Postpartum

When Postpartum Isn’t Joyful

Many birthing classes, doctors, midwives, and doulas operate primarily prenatally. If postpartum is mentioned, it’s typically in conjuction with breastfeeding, lochia (post-birth bleeding), or how quickly you can resume sexual activities. Most good birthing classes at least mention postpartum depression, but they often lump it in with “baby blues” and just tell you to call your doctor if you’re still sad after two weeks.

I’m here to say: that’s not enough. There’s been a lot of buzz in recent months because the new standard of care is to screen every expecting mother for prenatal and postpartum depression. This is not a ploy to sell more drugs! This is about a serious condition that can leave even the strongest women without the will to survive it without help.

The key to what will make prenatal and early postpartum screening work is to build a support network. Maybe that includes the psychiatrist that helps you find the right medication at the right doses, the therapist that helps you identify and move past triggers, a support group of other moms who’ve gone through it, or a combination thereof.

As a doula, my eyes are opened wide, hoping that in our relatively short time together I’ll be able to spot symptoms and help before anyone has to suffer in silence. I know that it’s not always easy to see. In the picture below,  would you guess that I’m suffering?

Postpartumprogress.org is a huge resource for me, both as a mother that has postpartum mood disorders and as a birth worker trying to help with early identification. I strongly recommend getting familiar with that site.

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Prenatal education is huge. Did you know that between 14-20% of women suffer from a postpartum mood disorder? While depression is the one we commonly hear about, postpartum anxiety and OCD also occur. Postpartum psychosis is another condition that can occur, although thankfully with this condition it appears less frequently, after approximately 0.1% of births.

Symptoms can include anything from apathetic dullness to intrusive thoughts to an all encompassing rage. For a full, easy to understand list, check out http://www.postpartumprogress.com/the-symptoms-of-postpartum-depression-anxiety-in-plain-mama-english.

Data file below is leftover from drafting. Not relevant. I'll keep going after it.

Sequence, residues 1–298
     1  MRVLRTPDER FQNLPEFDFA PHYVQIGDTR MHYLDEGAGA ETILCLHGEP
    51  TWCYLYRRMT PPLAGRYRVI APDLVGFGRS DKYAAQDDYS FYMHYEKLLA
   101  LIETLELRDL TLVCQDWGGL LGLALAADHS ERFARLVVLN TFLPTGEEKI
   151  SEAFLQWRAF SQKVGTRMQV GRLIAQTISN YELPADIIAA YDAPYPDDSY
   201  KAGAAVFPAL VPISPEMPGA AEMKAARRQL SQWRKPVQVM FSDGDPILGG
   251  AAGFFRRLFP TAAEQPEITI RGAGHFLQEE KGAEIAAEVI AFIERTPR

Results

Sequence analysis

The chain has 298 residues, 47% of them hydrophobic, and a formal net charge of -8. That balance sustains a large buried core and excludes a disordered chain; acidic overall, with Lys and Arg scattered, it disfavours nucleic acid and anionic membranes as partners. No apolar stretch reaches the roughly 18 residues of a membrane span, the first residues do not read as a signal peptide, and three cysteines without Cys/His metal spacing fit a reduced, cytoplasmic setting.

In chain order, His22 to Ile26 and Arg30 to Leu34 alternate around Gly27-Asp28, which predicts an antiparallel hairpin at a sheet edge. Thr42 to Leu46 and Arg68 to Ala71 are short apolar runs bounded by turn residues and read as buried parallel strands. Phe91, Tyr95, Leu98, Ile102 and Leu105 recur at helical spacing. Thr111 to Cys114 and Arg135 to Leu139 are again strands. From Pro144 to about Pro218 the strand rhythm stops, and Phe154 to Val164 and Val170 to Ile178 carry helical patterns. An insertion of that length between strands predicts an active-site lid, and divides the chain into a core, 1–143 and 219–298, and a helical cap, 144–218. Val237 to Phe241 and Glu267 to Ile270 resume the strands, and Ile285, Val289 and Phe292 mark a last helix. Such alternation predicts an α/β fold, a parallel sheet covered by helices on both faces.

Please, speak up at your postpartum visits. Even if you just feel off, tell someone. You deserve more than what postpartum mood disorders would let you believe. You deserve to be whole and healthy. You matter.

Don’t forget to like me on Facebook! https://www.facebook.com/notreblemotherhood/

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8 thoughts on “When Postpartum Isn’t Joyful

  1. One thing to add is that – ‘feeling off’ may be an elusive to diagnose. I had no idea how bad my ppd was because I assumed most of what I was feeling was part and parcel of being a new mother. My perspective was: I’m not happy, I’m tired, I feel hopeless…must be because I now have a child! Maybe I’m just one of those people who hates having a child.

    I didn’t know any better.

    Liked by 1 person

    1. Very good point. I didn’t get help after my first child was born for that reason. I justified every emotion (or lack of emotion).
      -I’m not bonding with my baby… because she was in NICU. It’s a defense mechanism.
      -I don’t have the energy to get out off bed… because babies are a lot of work and I’m tired.
      On and on. With my second, my symptoms were too extend for me to ignore.

      Liked by 1 person

  2. Postpartum is a BIG subject for me and my clients/students. It took me 4 months to realize I needed help and include it in my class and client discussion so they feel better about taking action sooner if they feel their mood changing for the worse.

    Liked by 1 person

  3. Great post with lots of great information. I agree that this should be talked about much more in childbirth classes. It is so hard to pinpoint that something is really not right when your whole world has been turned upside down with a new baby. New parents need to be made aware.

    Liked by 1 person

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